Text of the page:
Paterson intervenes to delay Con Ed strike

Gov. David Paterson intervened late Saturday in talks between Con Ed and the union representing almost two-thirds of the utility's workforce just minutes before the midnight deadline for a strike expired.

News 12 Staff

Jun 29, 2008, 10:19 PM

Updated 5,828 days ago

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Gov. David Paterson intervened late Saturday in talks between Con Ed and the union representing almost two-thirds of the utility's workforce just minutes before the midnight deadline for a strike expired.
He persuaded both sides to agree to a "cooling off period," a spokesman for the governor said. The governor suggested the move to allow tempers to subside so both parties could return to the bargaining table.
Negotiations were suspended early Sunday and were scheduled toresume at 9 a.m. Tuesday, Paterson spokesman Errol Cockfield said.Cockfield said the governor had been monitoring the talks whilerecovering at his Manhattan home from surgery Saturday morning toremove a cataract.
Paterson, concerned about the impact of possible service disruptions on customers created by a strike during the summer, reached out by telephone to Con Edison chief executive Kevin Burke and Harry Farrell, president of the Utility Workers Union of America Local 1-2, Cockfield said.
Union spokesman Joe Flaherty said a new deadline was set forTuesday at 11:59 p.m. "We hope Con Ed will come to its senses and start bargaining in good faith in the interest of the good people of New York City and Westchester County, who would be inconvenienced" by a strike, Flaherty said.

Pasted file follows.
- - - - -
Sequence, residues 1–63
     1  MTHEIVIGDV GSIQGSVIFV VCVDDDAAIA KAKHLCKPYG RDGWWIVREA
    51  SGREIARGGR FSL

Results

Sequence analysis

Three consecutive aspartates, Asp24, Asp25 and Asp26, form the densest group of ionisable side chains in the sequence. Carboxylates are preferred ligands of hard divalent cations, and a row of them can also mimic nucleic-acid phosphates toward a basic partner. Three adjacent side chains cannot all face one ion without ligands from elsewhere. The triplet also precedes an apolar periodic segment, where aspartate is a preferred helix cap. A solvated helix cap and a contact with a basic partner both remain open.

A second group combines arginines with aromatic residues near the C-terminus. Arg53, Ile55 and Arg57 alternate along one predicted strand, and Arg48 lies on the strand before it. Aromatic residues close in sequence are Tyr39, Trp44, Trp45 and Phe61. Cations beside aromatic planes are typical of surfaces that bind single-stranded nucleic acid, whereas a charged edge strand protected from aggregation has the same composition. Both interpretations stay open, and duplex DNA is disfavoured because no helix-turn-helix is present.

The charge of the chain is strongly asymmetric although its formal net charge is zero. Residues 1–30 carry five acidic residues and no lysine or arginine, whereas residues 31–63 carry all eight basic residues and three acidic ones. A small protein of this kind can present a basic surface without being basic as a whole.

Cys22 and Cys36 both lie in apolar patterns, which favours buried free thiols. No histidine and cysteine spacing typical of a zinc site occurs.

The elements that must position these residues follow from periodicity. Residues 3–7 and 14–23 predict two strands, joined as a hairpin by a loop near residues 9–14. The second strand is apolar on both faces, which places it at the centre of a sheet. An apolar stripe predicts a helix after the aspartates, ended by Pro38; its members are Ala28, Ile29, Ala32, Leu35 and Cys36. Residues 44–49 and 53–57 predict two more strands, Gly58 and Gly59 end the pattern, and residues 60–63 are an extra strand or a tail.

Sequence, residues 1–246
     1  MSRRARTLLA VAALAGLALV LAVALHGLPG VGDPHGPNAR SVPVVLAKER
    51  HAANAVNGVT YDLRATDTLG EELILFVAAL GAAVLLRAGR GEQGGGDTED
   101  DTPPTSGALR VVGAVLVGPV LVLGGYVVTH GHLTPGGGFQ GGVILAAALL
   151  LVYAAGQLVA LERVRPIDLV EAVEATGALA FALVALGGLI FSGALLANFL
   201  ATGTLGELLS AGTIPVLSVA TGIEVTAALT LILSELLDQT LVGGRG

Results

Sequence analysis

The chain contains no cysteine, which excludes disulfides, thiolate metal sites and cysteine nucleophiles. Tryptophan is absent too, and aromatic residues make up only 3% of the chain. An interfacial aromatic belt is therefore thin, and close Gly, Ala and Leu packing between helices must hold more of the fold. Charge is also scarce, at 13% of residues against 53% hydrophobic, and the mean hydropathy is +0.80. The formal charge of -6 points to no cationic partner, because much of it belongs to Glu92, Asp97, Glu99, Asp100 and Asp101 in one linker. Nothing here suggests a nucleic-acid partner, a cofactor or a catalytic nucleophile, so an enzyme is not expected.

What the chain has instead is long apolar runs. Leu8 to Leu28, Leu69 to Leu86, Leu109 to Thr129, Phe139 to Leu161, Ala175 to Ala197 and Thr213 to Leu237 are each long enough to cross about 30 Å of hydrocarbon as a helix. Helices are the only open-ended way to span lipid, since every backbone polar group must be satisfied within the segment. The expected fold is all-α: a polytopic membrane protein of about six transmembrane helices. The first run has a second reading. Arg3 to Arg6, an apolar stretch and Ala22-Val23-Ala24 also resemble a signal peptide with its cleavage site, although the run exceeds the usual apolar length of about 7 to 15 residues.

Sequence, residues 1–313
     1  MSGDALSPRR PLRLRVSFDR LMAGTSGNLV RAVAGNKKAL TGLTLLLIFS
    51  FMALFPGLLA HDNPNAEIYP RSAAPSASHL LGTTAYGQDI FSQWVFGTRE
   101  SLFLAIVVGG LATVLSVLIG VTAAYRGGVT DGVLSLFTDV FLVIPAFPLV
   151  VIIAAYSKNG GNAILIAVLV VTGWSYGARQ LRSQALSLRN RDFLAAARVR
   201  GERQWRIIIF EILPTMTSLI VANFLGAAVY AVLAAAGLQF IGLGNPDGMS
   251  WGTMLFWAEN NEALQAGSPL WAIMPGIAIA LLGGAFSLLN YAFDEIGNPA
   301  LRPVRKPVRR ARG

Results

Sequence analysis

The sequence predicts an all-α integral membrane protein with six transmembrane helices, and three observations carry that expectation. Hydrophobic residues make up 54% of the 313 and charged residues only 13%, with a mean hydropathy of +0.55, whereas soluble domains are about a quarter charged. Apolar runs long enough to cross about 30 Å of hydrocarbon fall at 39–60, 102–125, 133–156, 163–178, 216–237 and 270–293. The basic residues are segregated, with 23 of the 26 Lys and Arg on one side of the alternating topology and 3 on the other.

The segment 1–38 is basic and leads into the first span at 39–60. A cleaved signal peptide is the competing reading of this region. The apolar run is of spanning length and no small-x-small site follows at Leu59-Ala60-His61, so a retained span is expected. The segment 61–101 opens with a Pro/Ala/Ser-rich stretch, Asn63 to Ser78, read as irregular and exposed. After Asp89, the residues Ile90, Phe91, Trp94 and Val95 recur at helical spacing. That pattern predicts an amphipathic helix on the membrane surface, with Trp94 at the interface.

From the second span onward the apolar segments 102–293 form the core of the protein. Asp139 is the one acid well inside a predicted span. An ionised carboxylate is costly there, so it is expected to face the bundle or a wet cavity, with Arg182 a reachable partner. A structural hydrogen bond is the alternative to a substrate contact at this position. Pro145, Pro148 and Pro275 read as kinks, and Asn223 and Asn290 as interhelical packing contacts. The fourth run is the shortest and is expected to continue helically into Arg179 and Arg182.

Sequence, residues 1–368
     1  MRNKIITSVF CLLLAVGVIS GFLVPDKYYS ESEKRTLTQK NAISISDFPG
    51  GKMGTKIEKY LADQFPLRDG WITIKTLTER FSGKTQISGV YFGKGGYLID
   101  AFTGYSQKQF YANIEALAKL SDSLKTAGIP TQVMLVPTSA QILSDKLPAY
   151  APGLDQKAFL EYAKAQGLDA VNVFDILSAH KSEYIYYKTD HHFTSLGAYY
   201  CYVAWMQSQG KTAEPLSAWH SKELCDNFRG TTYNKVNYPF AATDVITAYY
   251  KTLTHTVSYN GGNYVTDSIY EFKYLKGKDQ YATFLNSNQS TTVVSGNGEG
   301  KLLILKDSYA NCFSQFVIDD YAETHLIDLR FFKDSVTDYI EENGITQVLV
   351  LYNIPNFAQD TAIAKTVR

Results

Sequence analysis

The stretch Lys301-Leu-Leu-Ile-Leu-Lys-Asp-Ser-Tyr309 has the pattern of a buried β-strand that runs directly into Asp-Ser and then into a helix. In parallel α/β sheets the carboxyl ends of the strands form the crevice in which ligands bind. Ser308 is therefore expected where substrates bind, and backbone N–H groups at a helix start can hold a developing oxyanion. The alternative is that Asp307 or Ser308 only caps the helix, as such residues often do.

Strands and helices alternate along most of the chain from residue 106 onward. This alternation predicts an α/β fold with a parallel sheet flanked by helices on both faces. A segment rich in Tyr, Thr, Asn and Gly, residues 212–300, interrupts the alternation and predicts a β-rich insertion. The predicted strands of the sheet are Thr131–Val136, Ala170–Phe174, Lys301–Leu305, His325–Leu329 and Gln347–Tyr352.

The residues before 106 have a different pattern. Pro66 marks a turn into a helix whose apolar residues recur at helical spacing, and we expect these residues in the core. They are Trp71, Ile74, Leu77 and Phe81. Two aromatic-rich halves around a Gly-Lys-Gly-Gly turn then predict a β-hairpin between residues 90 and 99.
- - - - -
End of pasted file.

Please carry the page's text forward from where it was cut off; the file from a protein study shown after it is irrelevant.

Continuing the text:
Con Edison spokesman Michael Clendenin said the giant utility remained hopeful a deal would be reached when negotiations resume. "It's not a matter of if but when," Clendenin said.
The union had said its 9,000 members would walk off the job early Sunday if talks didn't result in a better contract offer. Most of the workers maintain the utility's gas, electric and steam delivery systems.
But Clendenin has said a strike wouldn't disrupt service. He said Con Edison managers - about half of whom rose through the utility's ranks - would respond to any emergencies if workers struck. Con Edison has nearly 14,000 employees in all.
However, non-emergency repairs and meter reading could bedelayed, Clendenin said.
Negotiations between the union and the utility have gone down to the last minute several times before. The last strike occurred in 1983.


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